25th May 2016
Several months of internal debates have come to full fruition for the reformists within the party.
Tunis – Is Tunisia’s Ennahda party renouncing ‘Islamism’, its doctrinaire sine qua non and the basis of its foundational identity?
Over a three-day congress, the party’s first since 2012, members discussed the question through heated but pluralist debates. Ennahda, a movement that emerged in the late 1970s as a national political party with an Islamic frame of reference, is now committing to separate the religious (al-da’awi ) from the political (al-siyasi).
A vision that was upheld for more than three decades has ceded to a new brand of civic Islamism. That is, by analogy, a neo-Ennahda has not only edged closer to the notion of a civil state, but also to Turkey’s ruling AK Party and further from Egypt’s standard Muslim Brotherhood or “Ikhwani” model: The former operates politics with minimum ideology, the latter has historically harboured ambitions of Islamising polity.
This is why in one of his interventions during the congress, the party’s president, Sheikh Rachid Ghannouchi, was adopting a new discourse angled at stressing the primacy of the market, economic growth, renouncing the politics of identity, very much part of the fundamentals of his thought for more than 30 years.
But why is Ennahda renouncing political Islam?
First, one of the reasons is the normalisation of Ennahda party with the ‘deep state’, a term coined to refer to the politico-security establishment that has preserved the imprints of late Tunisian President Habib Bourguiba’s political modelling of it a la Francophile: secular in nature.
Tunisia’s society is similarly shaped, manifesting a deeply hybrid personality that reveres Islam but with a bent for civic engagement of all aspects of the horizontal side of life, including politics.
Ennahda is finally being deftly adaptive, seeking a brand of “Tunisification” of its identity as a major political force with a fixed 35 to 40 percent political following.
A second motive for Ennahda is professionalisation. So by defending a new identity that separates the religious from the political, Ennahda has turned an important corner on the way to a fully-fledged civic political party.
The amendments that have all been passed with an absolute majority – 800-plus votes by the conferences – all prove that several months of internal debates have come to full fruition for the reformists within the party.
This includes further empowerment of the party’s Shura Council, of which 100 representatives are directly elected by the conferences, and another 50 by the Council’s elected 100 representatives. Ennahda’s partnering in the troika government, that delivered the country’s democratic constitution in early 2014, provided the party with an invaluable “reality check”, which it used to reflect, revise and adjust.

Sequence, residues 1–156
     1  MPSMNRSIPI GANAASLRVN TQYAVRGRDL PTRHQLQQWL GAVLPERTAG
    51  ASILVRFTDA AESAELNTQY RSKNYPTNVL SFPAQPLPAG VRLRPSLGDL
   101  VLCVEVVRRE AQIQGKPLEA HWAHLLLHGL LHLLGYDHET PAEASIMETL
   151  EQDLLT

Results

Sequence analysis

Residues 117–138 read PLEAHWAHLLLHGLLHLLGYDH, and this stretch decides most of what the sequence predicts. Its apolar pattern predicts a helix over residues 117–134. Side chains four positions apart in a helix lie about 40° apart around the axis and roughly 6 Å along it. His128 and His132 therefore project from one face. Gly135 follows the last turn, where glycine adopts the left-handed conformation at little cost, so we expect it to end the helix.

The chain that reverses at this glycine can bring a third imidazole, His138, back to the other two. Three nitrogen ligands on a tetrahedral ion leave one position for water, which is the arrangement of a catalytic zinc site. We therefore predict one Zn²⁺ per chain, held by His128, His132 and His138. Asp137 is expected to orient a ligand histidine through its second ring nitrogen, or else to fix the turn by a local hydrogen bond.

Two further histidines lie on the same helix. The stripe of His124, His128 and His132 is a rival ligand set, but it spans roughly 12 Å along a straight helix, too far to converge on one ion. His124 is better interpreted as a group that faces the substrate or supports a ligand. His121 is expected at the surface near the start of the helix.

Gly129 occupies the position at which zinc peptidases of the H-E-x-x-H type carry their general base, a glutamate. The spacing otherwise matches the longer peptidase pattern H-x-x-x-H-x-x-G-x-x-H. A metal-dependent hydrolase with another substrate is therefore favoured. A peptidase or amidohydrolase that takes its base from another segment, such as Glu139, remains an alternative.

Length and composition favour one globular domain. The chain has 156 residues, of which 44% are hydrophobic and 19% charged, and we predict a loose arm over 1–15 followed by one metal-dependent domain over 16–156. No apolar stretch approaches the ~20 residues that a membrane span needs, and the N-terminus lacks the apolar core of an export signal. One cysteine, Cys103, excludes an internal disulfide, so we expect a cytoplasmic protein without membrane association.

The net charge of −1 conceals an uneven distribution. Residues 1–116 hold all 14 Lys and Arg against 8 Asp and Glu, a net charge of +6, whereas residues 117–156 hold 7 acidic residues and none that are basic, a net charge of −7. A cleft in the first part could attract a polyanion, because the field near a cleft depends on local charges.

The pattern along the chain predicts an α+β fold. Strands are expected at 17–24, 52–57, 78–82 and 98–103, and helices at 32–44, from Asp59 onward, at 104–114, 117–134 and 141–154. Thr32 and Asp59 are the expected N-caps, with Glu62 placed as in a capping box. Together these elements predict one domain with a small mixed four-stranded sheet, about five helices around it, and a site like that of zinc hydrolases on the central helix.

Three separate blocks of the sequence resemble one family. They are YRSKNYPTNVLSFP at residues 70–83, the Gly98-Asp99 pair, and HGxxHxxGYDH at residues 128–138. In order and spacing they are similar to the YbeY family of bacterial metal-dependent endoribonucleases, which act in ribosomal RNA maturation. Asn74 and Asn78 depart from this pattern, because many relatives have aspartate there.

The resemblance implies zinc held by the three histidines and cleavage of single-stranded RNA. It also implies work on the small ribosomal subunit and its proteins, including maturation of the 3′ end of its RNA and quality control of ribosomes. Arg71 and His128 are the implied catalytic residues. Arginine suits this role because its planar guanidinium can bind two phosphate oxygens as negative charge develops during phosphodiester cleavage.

Third, democratisation via factionalisation: This is a salient feature of maturing political parties anywhere.
One of the most fascinating debates and the first ever in the history of the Ennahda party took place on the morning of May 22. Three leaders, representative of first and second generations of the movement, took to the floor to openly contest and defend their respective views of how the party should be internally organised, led, and administered .
This was unthinkable before the 2011 revolution in Tunisia. Ennahda’s practice of internal democracy has produced a kind of factionalisation, but this in itself is not a bad thing. Perhaps there are ideological factors.
Distinguishing between the fixed (al-thabit) and the mutable (al-mutaghiyr) is one factor that may explain the shift. Politics belongs to the sphere of the changing. There is a question of public utility or “maqasidi framework” at play as well.
Exigencies and necessities of the Tunisian context have influenced this move. Religiously inspired actors in the Muslim world are trying to define themselves in opposition to the likes of ISIL. Ennahda is no exception, with a narrative pitting “moderates” versus “radicals”.
In the Tunisian national milieu, Ennahda is probably responding to the misgivings of its detractors that it is hiding a secret theocratic agenda: That once in power it will impose dictatorship.
The shift is intended also to pre-empt criticisms from liberals and secularists that it does respect Tunisia’s political identity. Ennahda can now claim it is transcending politics of identity.